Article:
New Telegraph

February 29, 2024

Climate Change Can Worsen Eczema Condition

Researchers from the University of Climate change can worsen eczema condition esearchers from the University of California San Francisco are reporting on 10 climate-related hazards that may have a negative impact on eczema. Their study was recently published in the journal Allergy. The scientists also created maps showing the past, present, and future projected burden of eczema relative to climatic hazards, highlighting areas where research is still needed. For years, scientists have been studying how the effects caused by climate change may impact health.

Previous studies show climatic effects such as extreme heat can increase a person’s risk for kidney and death due to cardiovascular disease. In addition, air pollution from things such as smog and wildfires can impact the respiratory and cardiovascular systems. Many of the effects of climate change also have the potential to lead to mental health issues. Now, researchers from the University of California San Francisco (UCSF) have found hazards created by climate change can also negatively affect the chronic skin condition atopic dermatitis, also known as eczema. Atopic dermatitis usually develops in early childhood and is more common in people who have a family history of the condition.

The main symptom is a rash that typically appears on the arms and behind the knees, but can also appear anywhere. Treatment includes avoiding soap and other irritants. Certain creams or ointments may also provide relief from the itching. For this study, researchers focused on how 10 climate hazards related to green- house gas emissions impact atopic dermatitis. These climate hazards included global warming, heat waves, wildfires, drought, floods, and rising sea levels. “We’ve known for a long time that atopic dermatitis is particularly sensitive to environmental factors, but there was not a clear consensus on how the increasing prevalence of climatic hazards due to climate change might impact atopic dermatitis.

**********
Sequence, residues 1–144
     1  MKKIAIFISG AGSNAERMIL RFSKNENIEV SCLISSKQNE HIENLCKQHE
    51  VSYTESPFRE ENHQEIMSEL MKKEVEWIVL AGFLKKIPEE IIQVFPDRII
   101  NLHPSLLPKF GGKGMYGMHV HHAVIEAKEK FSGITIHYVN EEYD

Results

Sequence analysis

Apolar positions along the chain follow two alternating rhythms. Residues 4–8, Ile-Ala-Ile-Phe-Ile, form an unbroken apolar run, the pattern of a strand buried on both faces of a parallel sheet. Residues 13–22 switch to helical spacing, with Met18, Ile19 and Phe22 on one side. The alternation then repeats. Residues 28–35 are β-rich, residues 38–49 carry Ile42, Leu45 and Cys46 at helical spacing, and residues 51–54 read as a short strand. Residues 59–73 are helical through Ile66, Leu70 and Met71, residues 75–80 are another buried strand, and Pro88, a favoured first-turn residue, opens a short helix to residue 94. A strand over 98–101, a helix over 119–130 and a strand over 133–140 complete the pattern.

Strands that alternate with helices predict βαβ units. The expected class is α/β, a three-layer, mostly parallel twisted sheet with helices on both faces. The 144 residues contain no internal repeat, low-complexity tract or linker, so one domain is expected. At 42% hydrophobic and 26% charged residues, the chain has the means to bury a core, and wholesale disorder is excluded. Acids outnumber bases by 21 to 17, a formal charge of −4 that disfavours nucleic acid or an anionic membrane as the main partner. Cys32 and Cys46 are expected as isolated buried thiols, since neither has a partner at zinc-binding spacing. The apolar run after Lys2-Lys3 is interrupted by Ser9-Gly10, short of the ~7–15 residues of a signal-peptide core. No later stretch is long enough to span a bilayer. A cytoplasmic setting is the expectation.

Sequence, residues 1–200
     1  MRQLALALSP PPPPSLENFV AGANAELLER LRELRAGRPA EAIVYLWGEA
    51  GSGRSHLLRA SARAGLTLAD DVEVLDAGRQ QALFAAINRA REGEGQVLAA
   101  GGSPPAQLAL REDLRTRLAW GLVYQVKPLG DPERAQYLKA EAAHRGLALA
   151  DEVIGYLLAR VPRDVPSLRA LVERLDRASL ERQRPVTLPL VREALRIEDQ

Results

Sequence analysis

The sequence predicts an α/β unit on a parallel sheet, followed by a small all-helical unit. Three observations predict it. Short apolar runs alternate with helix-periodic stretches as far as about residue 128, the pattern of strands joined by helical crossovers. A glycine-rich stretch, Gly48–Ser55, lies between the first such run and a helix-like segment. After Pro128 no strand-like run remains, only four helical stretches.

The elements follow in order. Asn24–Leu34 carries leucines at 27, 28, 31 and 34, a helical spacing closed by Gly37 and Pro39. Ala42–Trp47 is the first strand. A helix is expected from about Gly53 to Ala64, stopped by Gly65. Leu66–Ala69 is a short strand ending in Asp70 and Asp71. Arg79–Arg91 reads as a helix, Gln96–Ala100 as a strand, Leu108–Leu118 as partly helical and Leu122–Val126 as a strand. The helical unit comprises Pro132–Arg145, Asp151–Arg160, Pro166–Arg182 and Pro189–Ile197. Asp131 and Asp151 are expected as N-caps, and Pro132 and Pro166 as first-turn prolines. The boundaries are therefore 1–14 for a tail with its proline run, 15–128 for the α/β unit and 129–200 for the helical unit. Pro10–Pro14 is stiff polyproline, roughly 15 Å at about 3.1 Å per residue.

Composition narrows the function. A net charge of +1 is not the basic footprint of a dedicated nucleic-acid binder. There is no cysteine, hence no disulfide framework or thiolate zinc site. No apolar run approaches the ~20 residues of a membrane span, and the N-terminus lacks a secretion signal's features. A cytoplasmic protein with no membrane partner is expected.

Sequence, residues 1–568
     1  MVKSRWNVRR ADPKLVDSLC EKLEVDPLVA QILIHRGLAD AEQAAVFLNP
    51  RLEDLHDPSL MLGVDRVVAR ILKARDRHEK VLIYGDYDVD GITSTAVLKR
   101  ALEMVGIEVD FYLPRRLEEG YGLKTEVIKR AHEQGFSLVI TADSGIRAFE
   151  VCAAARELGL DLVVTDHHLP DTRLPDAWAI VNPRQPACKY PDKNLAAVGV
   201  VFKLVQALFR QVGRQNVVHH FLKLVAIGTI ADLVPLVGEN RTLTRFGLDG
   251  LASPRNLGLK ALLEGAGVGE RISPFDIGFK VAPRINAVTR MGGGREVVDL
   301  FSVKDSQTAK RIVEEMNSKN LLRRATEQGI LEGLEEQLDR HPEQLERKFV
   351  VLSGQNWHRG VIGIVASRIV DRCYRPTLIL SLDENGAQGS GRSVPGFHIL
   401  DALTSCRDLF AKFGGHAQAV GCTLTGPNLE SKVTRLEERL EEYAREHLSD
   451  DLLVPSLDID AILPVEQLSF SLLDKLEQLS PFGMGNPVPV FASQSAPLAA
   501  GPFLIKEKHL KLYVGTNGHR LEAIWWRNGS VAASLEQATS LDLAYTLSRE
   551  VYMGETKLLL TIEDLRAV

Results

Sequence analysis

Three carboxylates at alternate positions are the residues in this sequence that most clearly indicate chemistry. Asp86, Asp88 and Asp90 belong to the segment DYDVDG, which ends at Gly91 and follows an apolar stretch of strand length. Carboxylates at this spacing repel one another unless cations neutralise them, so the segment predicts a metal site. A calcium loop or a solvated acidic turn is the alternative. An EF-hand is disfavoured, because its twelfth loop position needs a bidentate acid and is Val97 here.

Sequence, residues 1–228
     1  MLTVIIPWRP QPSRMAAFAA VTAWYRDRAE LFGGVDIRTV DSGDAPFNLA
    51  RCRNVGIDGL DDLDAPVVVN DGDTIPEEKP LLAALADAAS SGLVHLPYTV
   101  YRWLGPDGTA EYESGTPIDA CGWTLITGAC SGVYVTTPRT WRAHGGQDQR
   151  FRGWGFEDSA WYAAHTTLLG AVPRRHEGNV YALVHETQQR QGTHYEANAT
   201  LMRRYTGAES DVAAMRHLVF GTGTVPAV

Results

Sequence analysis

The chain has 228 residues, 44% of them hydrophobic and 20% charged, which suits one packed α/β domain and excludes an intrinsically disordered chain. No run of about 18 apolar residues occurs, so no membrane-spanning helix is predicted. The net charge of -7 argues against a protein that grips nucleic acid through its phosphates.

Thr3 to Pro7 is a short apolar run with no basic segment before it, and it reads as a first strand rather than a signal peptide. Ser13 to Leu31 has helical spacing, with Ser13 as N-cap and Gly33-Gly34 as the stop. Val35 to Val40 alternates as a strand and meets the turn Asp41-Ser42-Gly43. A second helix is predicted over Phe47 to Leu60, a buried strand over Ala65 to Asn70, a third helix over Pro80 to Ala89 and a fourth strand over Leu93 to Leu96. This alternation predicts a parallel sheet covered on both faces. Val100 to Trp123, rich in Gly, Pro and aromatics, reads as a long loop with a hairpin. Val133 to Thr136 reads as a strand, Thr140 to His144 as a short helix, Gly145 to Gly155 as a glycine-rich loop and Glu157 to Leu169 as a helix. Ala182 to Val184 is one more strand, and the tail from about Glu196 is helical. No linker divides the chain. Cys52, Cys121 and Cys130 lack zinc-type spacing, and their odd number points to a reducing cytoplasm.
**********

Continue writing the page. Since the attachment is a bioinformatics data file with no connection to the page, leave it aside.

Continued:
Therefore, we set out to review the literature through a systematic search and provide a narrative summary,” Dr. Katrina Abuabara, an associate professor of dermatology at the UCSF School of Medicine and a senior author of this study, explained. “For many patients with atopic dermatitis, the unpredictability of disease flares can be particularly challenging,” Abuabara explained. “Understanding how climatic factors impact disease could lead to better strategies to address disease triggers. For this study, Abuabara and her team analysed data from 18 studies providing evidence for the aggravation of eczema by one of the 10 identified climatic hazards.

Overall, researchers said there was evidence linking most climate-related hazards to aggravation of atopic dermatitis. Some were direct effects, such as particulate matter from wildfires. Others were indirect effects such as drought-induced food insecurity, poverty, and subsequent migration that could disrupt regular healthcare and cause stress that could impact a person’s eczema. “The maps from 2005 and 2017 show that there is overlap between geographic areas with more exposure to climatic hazards and increased prevalence of atopic dermatitis,” Abuabara said.

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